History of the Peloponnesian War

Thucydides

Thucydides. The Peloponnesian War. London, J. M. Dent; New York, E. P. Dutton. 1910.

The Lacedaemonians hearing this offer, most of them lowered their shields and waved their hands to show that they accepted it.

Hostilities now ceased, and a parley was held between Cleon and Demosthenes and Styphon, son of Pharax, the other side; since Epitadas, the first of the previous commanders, had been killed, and Hippagretas, the next in command, left for dead among the slain, though still alive, and thus the command had devolved upon Styphon according to the law, in case of anything happening to his superiors.

Styphon and his companions said they wished to send a herald to the Lacedaemonians on the mainland, to know what they were to do.

The Athenians would not let any of them go, but themselves called for heralds from the mainland, and after questions had been carried backwards and forwards two or three times, the last man that passed over from the Lacedaemonians on the continent brought this message: ‘The Lacedaemonians bid you to decide for yourselves so long as you do nothing dishonourable;’ upon which after consulting together they surrendered themselves and their arms.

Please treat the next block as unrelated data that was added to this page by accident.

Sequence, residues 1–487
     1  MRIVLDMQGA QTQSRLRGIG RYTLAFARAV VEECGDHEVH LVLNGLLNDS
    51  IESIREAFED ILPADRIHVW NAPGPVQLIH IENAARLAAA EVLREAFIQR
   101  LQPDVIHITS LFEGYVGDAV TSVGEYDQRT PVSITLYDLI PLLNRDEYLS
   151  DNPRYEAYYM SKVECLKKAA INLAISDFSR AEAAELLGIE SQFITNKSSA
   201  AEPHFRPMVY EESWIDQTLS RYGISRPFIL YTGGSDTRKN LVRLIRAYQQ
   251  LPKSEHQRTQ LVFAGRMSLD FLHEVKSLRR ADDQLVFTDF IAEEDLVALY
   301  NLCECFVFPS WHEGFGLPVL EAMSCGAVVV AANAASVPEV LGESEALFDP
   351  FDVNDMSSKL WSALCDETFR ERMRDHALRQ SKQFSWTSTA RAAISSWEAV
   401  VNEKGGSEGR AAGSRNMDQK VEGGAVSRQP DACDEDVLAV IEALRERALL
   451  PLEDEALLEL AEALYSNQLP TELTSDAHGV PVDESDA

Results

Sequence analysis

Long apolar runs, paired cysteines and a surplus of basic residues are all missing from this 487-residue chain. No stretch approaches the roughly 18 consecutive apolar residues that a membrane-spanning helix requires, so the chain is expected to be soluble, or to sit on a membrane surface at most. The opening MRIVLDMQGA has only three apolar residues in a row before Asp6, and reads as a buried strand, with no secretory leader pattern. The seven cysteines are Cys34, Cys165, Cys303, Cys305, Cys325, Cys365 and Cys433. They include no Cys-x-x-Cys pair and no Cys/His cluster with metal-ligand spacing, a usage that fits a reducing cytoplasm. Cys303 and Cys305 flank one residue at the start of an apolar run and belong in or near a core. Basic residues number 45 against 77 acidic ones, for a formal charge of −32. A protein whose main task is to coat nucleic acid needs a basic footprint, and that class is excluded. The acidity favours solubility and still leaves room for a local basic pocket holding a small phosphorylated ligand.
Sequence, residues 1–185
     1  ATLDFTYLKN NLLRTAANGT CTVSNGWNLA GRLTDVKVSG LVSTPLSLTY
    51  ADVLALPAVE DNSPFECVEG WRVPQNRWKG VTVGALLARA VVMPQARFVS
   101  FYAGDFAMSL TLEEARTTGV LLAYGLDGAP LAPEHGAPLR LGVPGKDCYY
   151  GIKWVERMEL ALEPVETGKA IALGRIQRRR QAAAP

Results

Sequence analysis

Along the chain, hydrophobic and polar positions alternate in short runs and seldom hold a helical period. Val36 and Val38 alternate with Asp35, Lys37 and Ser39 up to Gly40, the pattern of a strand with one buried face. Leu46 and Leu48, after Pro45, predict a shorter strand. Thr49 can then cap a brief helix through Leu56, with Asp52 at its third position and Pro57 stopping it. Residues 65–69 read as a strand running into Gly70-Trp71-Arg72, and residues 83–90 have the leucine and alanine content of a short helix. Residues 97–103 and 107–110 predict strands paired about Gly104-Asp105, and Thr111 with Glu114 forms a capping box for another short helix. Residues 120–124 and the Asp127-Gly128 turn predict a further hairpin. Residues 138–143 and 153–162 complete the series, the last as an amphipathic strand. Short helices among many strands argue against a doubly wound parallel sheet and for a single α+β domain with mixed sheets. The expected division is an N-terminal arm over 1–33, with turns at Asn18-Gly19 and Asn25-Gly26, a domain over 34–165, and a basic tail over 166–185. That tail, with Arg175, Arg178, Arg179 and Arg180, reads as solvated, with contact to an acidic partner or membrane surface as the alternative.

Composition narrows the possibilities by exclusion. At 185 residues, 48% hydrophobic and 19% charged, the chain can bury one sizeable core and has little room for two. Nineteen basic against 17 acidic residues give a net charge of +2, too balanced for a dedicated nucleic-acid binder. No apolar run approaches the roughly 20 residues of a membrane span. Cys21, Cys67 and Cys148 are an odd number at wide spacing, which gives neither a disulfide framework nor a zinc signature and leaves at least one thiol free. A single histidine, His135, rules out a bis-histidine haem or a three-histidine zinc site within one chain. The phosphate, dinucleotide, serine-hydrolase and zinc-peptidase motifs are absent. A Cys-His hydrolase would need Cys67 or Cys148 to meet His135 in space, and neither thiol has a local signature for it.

The Athenians, after guarding them that day and night, the next morning set up a trophy in the island, and got ready to sail, giving their prisoners in batches to be guarded by the captains of the galleys; and the Lacedaemonians sent a herald and took up their dead.

The number of the killed and prisoners taken in the island was as follows: four hundred and twenty heavy infantry had passed over; three hundred all but eight were taken alive to Athens; the rest were killed.

About a hundred and twenty of the prisoners were Spartans.

The Athenian loss was small, the battle not having been fought at close quarters.